Spoiler alert: this question arises from the movie Fantastic Beasts and Where to Find Them, so if you didn't watch it yet and don't want it spoiled, stop reading. I also apologize if the question was asked before, I wasn't able to find it.
Near the end of the movie we see Percival Graves (a.k.a. Gellert Grindelwald in disguise) battling multiple MACUSA officials in the underground and slowly gaining the upper hand (not surprisingly, since he is basically the second best wizard alive). He is, however, stopped by Newt Scamander with the aid of a flying beast (forgot its name at this point), disarmed, and sentenced to death.
Since the movie implies that Grindelwald was already on a rampage throughout Europe before coming to the USA and assuming Graves's identity (the year is 1926), it's very likely that he was already in possesion of the Elder Wand, i.e. he already stole it from Gregorovitch.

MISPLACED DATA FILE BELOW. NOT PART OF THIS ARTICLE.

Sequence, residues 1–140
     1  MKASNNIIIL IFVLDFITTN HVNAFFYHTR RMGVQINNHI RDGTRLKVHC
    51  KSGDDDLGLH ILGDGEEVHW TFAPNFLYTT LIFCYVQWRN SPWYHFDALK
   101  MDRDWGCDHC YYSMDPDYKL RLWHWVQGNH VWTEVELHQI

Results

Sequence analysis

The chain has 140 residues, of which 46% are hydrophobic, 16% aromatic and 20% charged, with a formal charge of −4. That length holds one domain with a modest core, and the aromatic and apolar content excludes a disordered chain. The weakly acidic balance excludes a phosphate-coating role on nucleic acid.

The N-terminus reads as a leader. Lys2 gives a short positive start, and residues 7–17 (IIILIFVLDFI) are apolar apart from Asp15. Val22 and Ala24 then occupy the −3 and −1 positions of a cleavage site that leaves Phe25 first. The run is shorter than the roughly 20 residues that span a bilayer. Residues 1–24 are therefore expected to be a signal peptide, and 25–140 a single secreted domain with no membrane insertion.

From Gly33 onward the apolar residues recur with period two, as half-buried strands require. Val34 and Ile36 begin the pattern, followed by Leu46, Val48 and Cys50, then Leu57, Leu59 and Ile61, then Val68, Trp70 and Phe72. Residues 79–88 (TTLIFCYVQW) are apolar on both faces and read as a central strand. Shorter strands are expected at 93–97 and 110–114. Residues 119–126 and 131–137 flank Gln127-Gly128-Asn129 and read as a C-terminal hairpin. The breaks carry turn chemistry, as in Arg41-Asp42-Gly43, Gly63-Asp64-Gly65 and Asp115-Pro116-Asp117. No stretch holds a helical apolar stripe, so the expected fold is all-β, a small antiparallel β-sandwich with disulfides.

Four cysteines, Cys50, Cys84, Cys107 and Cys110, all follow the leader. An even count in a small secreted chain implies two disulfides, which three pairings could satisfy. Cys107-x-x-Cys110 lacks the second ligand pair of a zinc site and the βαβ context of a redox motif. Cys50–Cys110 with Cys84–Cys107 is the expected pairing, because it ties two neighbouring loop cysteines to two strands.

We also know that he and Dumbledore battled in 1945 (19 years later) and that Dumbledore won both the duel and the Elder Wand. From there on we know the rest of the Wand’s story.
My question is: how is Grindelwald in 1945 still in posession of the Elder Wand if he lost it in 1926, when he "lost" to Newt Scamander? We know that one need not win an actual duel to win over the Elder Wand, or that the wand itself doesn’t even need to be present (examples of this behavior include Grindelwald simply stealing the wand from Gregorovitch, or, even more to the point, Harry "defeating" Draco and winning the wand by simply outwrestling two wands from his hands in Malfoy Manor), which is important since Grindelwald used the real Graves's wand as a part of his disguise and the Elder Wand is hidden somewhere else.
Is it also possible that this is a subtle, but profound clue that Grindelwald and Scamander will duel again, and that this time Newt will lose? This seems to be supported by Grindelwald saying an ominous (foreshadowing?) sentence while being taken away: